Can one learn to be a good person? What does it mean to be a good person? In this seminar, we will explore the notions of virtue and character from both ancient and contemporary perspectives. After looking at Plato’s and Aristotle’s corresponding approaches, the seminar will be chiefly concerned with critically assessing the recent revival and reappropriations of ancient virtue ethics (Gertrude Elizabeth Margaret Anscombe, Alasdair MacIntyre, Iris Murdoch, Bernard Williams, Martha Nussbaum, Philippa Foot, John McDowell, Rosalind Hursthouse, Glen Pettigrove, and Julia Annas). Topics of discussion will include whether or not virtue of character is a suitable foundation for ethics, what distinguishes virtue ethics from deontological and consequentialist ethical theories, whether virtue is a fundamental, irreducible notion, or whether virtues are to be defined in terms of the consequences they yield or rather as character traits of those people who act according to moral duties. Readings will be made available via Moodle. The seminar requires no previous knowledge of the topic, and will be in English.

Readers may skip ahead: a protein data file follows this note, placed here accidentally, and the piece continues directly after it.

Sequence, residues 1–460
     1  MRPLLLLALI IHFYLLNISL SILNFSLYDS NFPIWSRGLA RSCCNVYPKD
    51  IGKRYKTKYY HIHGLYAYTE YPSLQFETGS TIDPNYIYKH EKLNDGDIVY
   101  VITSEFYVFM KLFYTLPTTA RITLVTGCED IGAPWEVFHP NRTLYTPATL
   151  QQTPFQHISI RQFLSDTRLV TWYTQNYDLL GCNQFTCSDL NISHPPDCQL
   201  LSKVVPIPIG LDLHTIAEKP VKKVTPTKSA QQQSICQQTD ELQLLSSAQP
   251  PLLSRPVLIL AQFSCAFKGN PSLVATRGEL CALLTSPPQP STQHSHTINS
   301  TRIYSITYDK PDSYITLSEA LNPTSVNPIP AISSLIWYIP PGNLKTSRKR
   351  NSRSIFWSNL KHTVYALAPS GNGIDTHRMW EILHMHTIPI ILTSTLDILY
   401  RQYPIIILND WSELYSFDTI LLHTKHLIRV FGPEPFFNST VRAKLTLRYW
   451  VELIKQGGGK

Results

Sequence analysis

A syllabus and bibliography will be distributed in the first session. Recommended introductory reading: Rosalind Hursthouse’s and Glen Pettigrove’s Stanford Encyclopedia of Philosophy entry “Virtue Ethics” (2016): https://plato.stanford.edu/entries/ethics-virtue/.
Die Veranstaltung wurde 10 mal im Vorlesungsverzeichnis WiSe 2020/21 gefunden: